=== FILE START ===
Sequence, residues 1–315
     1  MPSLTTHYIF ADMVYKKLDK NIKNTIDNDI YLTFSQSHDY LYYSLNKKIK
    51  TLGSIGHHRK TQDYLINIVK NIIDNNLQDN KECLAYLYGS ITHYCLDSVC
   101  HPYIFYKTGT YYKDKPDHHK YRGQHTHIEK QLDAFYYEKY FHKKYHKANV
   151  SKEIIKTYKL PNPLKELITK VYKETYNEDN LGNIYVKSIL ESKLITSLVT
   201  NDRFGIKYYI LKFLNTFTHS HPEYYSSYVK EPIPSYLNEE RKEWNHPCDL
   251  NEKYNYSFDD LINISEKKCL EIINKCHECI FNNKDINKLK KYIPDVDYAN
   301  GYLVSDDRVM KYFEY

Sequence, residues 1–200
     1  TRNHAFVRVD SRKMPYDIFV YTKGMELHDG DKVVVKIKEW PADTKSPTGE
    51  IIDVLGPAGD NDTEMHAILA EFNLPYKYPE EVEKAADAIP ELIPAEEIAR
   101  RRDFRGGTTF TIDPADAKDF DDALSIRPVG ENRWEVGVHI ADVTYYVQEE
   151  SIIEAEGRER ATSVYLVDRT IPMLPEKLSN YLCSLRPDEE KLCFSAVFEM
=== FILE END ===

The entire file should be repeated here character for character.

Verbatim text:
Sequence, residues 1–315
     1  MPSLTTHYIF ADMVYKKLDK NIKNTIDNDI YLTFSQSHDY LYYSLNKKIK
    51  TLGSIGHHRK TQDYLINIVK NIIDNNLQDN KECLAYLYGS ITHYCLDSVC
   101  HPYIFYKTGT YYKDKPDHHK YRGQHTHIEK QLDAFYYEKY FHKKYHKANV
   151  SKEIIKTYKL PNPLKELITK VYKETYNEDN LGNIYVKSIL ESKLITSLVT
   201  NDRFGIKYYI LKFLNTFTHS HPEYYSSYVK EPIPSYLNEE RKEWNHPCDL
   251  NEKYNYSFDD LINISEKKCL EIINKCHECI FNNKDINKLK KYIPDVDYAN
   301  GYLVSDDRVM KYFEY

Sequence, residues 1–200
     1  TRNHAFVRVD SRKMPYDIFV YTKGMELHDG DKVVVKIKEW PADTKSPTGE
    51  IIDVLGPAGD NDTEMHAILA EFNLPYKYPE EVEKAADAIP ELIPAEEIAR
   101  RRDFRGGTTF TIDPADAKDF DDALSIRPVG ENRWEVGVHI ADVTYYVQEE
   151  SIIEAEGRER ATSVYLVDRT IPMLPEKLSN YLCSLRPDEE KLCFSAVFEM